I came to live and work in Australia six years ago, having spent most of the previous 50 living within the collective embrace of two unions – the United Kingdom and the European Union.
I was then, and remain, a strong supporter of both, believing that my individual identity can incorporate Scottishness, Britishness and Europeanness all at the same time.
Neither the UK, nor the EU, are anything like perfect, of course. I have every sympathy with Brexiters who feel alienated from the Brussels bureaucracy, or indeed Scots who feel that government in Westminster is too Anglo-centric.
For me though, the solution has never been to break up our hard-won unions, but to reform them.
Prior to the formation of the EU, Europe had been a cesspit of civil war, religious conflict and ethnic genocide for centuries. We have had 70 years of the Long Peace since 1945, notwithstanding the Yugoslavian wars and Vladimir Putin’s annexation of Crimea and intervention in eastern Ukraine.
No major European power has gone to war with another in all of that time. Nor has there been a great power conflict, and for that outcome the EU’s post-WW2 ethos of “never again”, and the influence it brings to bear on other power blocs, has been key.
As for the UK, we have been stronger as a multi-nation state of 60 million at the constitutional heart of Europe than we could ever be as squabbling rivals outside of it.
I predicted that the independence referendum of 2014 would fail, and was reassured when Scots voted overwhelmingly to stay in the UK – I call a ten-point majority overwhelming, don’t you?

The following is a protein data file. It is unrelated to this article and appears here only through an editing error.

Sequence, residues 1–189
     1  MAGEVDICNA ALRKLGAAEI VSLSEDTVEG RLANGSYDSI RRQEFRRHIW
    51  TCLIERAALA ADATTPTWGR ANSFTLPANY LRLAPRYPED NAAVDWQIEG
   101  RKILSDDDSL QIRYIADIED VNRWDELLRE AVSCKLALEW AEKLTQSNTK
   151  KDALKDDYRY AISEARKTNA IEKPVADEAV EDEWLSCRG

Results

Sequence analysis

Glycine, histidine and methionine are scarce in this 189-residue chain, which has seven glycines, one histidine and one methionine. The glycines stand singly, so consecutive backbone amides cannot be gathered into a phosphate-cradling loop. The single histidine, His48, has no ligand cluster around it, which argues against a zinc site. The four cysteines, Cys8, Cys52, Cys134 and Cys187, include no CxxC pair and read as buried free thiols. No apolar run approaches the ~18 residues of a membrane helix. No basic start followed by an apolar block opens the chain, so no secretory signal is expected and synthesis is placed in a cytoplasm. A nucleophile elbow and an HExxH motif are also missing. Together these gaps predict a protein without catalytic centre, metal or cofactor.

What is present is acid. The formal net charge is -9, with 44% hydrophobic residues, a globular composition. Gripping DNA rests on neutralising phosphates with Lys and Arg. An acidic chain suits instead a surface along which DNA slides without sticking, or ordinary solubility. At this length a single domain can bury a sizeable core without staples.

Hillary Clinton and Malcolm Turnbull would give their right arms for such a mandate, and this “decisive” Brexit vote produced only 4% in favour of Leave.
Many of us feared that the SNP would not accept a democratic decision with which they disagreed – nationalists rarely do – and sure enough, within days of the result, Alex Salmond and Nicola Sturgeon had set the clock ticking on indyref2, to be triggered by changed “material circumstances”, notably a Brexit vote in England and a Remain vote in Scotland.
And here we are.
Scottish nationalism challenged the integrity of a 300-year-old United Kingdom which has given Britain the immense global power and influence it still enjoys (though not for much longer).
English nationalism has raised the stakes, pulling all 60 million Brits out of a European settlement which, for all its recent travails, has brought 28 countries together – many of them former Soviet states, satraps, fascist dictatorships and economic basket cases – in pursuit of a common European home, stable and free within the constraining rules required by any club worth joining.
That is a changed material circumstance indeed, and within hours of the result Sturgeon had put #indyref2 on the agenda. It will dominate Scottish politics for the foreseeable future, putting the country’s urgent socioeconomic problems on the backburner yet again.
But you’ve got to give the first minister credit for her certainty and confidence. If only the Labour opposition under Jeremy Corbyn had shown such decisive leadership from the start, we might not be in this mess.